The fact that Palace began their season a week earlier may well have given them the physical edge at Old Trafford, but Saturday’s defeat was an extension of the frustration United fans have been feeling for several weeks. Van de Beek is an excellent player but strengthening in attacking midfield was not exactly a priority for United this summer. There has been little progress in the search for a left-back, center-half, and center-forward, while Jadon Sancho looks set to stay at Borussia Dortmund for another year despite United seemingly retaining hope of prising him away from Signal Iduna Park.

United are unlikely to make the three or four new signings that many believe is required for the club to kick on this term. And even if they do, their decision to wait until the final weeks of the window deserves scrutiny. Chelsea, by contrast, completed the majority of their business before their first game of the season, affording the newcomers time to settle in and take on board their new manager’s instructions. United, conversely, are now playing catch-up from the get-go.

Of course, the Red Devils had more than enough quality on the pitch to overcome Palace on Saturday. Yet their performance in every area was a disappointment: the hosts were shaky at the back, overrun and uninventive in midfield, and short of a spark upfront. A major improvement will be necessary, starting with next weekend’s trip to the south coast to face Palace’s rivals, Brighton and Hove Albion.


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Premier League Title Challenge Remains Some Way off for United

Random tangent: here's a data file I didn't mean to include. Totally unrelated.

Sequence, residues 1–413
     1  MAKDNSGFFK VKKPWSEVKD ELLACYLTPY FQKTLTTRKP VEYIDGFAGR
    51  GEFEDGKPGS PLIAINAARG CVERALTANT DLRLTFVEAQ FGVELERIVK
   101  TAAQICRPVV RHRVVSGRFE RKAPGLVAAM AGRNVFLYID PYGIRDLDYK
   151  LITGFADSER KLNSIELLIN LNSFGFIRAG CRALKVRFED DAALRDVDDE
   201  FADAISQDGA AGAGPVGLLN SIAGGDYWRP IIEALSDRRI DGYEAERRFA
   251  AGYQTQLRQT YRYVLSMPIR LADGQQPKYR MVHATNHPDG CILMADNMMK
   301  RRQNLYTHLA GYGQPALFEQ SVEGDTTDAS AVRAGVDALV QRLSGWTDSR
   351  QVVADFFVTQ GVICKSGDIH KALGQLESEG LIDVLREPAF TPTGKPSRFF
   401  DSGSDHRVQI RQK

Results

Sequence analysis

Few believe United can mount a sustained challenge for the Premier League title this season – the 20-time English champions are +2000 with DraftKings Sportsbook to make it 21 – and that is not the remit that will have been handed down to Solskjaer. A top-four finish and Champions League qualification remains the priority, although United will be expected to at least close the gap to the top two of Liverpool and Manchester City.

That will be difficult, though, particularly if the United continues to stand still while others around them move forward. Liverpool has strengthened with the additions of Diogo Jota and, in particular, Thiago Alcantara, a world-class midfield creator who United tried to sign six years ago.

Chelsea has splashed the cash on the likes of Timo Werner, Kai Havertz, and Ben Chilwell, while Tottenham has brought in Matt Doherty, Sergio Reguilon, Pierre-Emile Hojbjerg, and Gareth Bale. Arsenal has also been active and should be stronger in Mikel Arteta’s first full season at the helm, while Manchester City has moved to add depth in both attack and defense.

In comparison to their closest rivals, United have had a quiet summer. Signings are not the be-all and end-all, and there are other ways to improve a team – not least with work on the training ground. It is important not to overreact to one defeat, but Saturday’s setback against Crystal Palace suggests United will have their work cut out to get closer to the top two this season.

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Greg Lea

Expert on Soccer

Greg Lea is a freelance soccer journalist from London. He is the former editor of The Set Pieces, and has contributed to the Guardian, FourFourTwo, and ESPN. A Crystal Palace fan, he is a long-time subscriber to the belief that it's the taking part that counts.